2001. Stanley Kubrick’s interstellar voyage is one of those very rare things: a film as good as the book that spawned it. But that isn’t why it’s on my list. It’s here because, as a piece of work in its own right, it is perfect. What the film lacks in dialogue, it makes up for with its mesmerising visuals, intriguing past/present/future plot and incredible soundtrack. I have watched it over and over again, and have never once been bored. *NB: Other films that stand up to their papery counterparts, in my opinion, include The Shawshank Redemption, The Shining, Fear and Loathing, and, more recently, The Life of Pi.
Crime and Punishment. Despite paragraphs that last forever and the confusion caused by each individual character possessing a bewildering array of names, persevering with Dostoyevsky’s masterpiece is one of the most rewarding literary missions you can undertake. As the novel crackles towards its climax, Dostoyevsky somehow manages to make you feel every gut wrenching twist and turn as if you were the one with blood on your hands. It is incredible and highlights how powerful the written word can be.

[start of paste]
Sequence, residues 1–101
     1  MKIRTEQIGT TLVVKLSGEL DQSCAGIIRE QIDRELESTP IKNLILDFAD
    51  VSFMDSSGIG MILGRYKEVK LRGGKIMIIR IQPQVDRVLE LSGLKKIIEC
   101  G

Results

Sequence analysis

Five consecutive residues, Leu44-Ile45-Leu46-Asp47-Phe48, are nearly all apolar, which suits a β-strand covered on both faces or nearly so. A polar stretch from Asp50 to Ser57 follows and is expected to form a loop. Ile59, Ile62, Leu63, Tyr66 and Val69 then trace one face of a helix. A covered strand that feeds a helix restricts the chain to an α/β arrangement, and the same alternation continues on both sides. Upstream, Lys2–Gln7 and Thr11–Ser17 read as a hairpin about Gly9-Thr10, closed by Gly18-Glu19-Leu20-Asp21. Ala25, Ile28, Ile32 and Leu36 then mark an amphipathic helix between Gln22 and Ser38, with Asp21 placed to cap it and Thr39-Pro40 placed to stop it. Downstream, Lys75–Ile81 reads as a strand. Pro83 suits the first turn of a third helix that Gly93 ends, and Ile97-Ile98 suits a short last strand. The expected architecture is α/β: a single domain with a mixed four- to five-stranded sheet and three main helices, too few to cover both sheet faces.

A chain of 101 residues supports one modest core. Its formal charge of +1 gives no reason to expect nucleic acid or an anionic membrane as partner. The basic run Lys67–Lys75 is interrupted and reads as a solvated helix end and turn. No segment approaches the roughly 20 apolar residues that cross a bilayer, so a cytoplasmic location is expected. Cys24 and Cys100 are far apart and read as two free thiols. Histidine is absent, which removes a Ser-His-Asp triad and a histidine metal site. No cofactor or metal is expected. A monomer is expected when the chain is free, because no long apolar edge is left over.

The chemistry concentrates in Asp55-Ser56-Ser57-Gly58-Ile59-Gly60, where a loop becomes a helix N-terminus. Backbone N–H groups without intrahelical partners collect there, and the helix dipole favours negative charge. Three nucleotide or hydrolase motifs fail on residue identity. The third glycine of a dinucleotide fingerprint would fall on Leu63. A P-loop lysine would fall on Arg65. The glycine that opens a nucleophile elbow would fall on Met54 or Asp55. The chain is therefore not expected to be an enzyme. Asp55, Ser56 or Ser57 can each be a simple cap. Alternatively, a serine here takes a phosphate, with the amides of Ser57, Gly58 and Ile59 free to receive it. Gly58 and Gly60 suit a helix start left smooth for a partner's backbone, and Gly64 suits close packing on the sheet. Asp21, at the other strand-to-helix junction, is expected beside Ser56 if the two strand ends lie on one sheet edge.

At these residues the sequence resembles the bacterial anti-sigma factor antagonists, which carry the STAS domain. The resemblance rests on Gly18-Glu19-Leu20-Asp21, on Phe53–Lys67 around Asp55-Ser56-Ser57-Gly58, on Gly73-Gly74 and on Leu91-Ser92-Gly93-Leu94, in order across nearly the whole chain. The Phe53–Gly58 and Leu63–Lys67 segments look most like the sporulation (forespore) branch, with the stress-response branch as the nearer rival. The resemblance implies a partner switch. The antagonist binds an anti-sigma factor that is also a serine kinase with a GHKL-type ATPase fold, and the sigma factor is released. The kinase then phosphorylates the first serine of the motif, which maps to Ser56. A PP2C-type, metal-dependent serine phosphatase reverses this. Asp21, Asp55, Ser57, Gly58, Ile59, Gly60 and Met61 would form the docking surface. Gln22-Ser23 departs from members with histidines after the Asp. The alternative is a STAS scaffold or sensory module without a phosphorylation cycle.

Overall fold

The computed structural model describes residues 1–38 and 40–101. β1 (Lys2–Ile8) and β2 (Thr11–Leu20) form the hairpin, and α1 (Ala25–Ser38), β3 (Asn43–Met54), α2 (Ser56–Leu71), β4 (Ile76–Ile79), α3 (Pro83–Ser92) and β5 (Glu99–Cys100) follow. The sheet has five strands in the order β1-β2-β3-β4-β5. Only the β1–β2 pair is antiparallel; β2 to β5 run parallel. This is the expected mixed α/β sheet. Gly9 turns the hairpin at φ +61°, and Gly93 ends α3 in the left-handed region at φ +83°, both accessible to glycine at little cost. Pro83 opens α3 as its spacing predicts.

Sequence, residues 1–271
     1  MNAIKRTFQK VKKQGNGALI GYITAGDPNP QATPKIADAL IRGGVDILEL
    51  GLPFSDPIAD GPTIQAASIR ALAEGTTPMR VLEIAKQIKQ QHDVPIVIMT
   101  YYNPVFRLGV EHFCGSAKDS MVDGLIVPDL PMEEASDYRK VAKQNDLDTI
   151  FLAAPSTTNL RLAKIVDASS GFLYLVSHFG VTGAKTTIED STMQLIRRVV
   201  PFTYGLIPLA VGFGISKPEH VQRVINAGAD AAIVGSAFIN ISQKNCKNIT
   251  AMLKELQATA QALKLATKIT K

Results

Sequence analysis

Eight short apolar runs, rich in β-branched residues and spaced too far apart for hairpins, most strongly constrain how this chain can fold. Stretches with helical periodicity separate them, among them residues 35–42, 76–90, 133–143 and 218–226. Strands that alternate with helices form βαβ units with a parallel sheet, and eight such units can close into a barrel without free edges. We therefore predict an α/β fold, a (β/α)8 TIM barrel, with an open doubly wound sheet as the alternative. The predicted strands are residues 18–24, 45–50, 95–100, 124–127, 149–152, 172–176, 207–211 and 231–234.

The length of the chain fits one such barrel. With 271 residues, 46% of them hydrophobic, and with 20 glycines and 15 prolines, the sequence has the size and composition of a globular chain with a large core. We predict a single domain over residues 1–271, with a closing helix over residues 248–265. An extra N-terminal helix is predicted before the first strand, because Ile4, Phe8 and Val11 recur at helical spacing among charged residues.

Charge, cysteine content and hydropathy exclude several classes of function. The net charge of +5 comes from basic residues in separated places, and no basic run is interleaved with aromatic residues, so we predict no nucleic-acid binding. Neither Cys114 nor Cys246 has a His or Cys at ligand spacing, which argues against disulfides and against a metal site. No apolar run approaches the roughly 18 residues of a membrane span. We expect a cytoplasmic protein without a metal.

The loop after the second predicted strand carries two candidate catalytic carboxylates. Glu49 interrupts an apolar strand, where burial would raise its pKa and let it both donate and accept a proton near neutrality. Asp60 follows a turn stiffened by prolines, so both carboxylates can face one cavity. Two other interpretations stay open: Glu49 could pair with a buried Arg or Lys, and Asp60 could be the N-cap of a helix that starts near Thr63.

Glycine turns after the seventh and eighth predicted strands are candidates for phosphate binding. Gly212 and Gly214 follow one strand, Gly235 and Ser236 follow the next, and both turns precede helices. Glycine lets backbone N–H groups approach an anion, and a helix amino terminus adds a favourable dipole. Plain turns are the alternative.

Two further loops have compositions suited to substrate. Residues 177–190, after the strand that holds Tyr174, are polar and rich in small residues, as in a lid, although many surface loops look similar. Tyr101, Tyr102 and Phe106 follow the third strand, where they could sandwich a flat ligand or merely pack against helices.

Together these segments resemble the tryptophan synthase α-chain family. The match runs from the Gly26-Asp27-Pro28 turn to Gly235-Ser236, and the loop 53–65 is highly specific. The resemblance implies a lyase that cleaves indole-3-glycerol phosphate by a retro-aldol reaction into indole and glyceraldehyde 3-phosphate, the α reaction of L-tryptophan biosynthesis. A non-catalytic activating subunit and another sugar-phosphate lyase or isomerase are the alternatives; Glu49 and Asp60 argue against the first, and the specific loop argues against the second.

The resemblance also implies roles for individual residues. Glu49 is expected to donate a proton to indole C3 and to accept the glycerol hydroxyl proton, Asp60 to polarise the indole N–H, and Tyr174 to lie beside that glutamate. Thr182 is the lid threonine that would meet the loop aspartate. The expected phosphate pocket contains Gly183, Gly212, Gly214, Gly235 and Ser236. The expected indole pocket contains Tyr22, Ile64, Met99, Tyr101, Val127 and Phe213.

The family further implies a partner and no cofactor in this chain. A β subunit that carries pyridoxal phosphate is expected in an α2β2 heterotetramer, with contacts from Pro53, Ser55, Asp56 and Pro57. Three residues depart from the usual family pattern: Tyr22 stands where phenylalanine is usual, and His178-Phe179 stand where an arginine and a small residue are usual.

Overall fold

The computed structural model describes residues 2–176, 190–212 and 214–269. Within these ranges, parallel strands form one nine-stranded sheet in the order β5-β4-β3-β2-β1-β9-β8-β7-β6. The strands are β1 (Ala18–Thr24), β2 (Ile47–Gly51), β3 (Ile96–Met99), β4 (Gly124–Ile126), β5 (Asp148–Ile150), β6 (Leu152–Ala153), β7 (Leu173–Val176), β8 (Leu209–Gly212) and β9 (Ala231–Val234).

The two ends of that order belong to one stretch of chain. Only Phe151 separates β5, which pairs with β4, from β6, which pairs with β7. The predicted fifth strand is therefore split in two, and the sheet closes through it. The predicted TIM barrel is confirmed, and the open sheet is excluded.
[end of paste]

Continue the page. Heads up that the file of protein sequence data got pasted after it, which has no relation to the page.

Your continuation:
George Orwell. No award for originality here but Orwell is probably the main reason I wanted to be a writer, and at least a contributing factor to my becoming a full-time smoker. As a teenager, reading books like 1984, Down and Out in Paris and London, Animal Farm and the less-frequently lauded Coming Up for Air, it felt almost impossible to want to do anything in life other than aim to become a lesser version of George Orwell.
Jarvis Cocker. Though my Sheffield roots make me slightly biased, I think Jarvis Cocker is one of the greatest writers of his generation. He is the perfect antidote to pretentiousness, highlighting on album after album that pragmatism and wit are more effective than longwinded snobbishness. I thoroughly recommend his collected lyrics book, ‘Mother, Brother, Lover,’ to anyone not entirely convinced of Cocker’s earthy genius.
Surrealism. There’s nothing in literature I like more than an unreliable narrator. And I think the art world’s closest matching version of this comes from the surrealists. Though frequently starved of praise from the higher brow members of the artistic community, I love the freedom present in the work of people like Dali, Ernst and Magritte. I have always imagined the stories that could be set in their otherworldly locations, particularly in those weird endless deserts.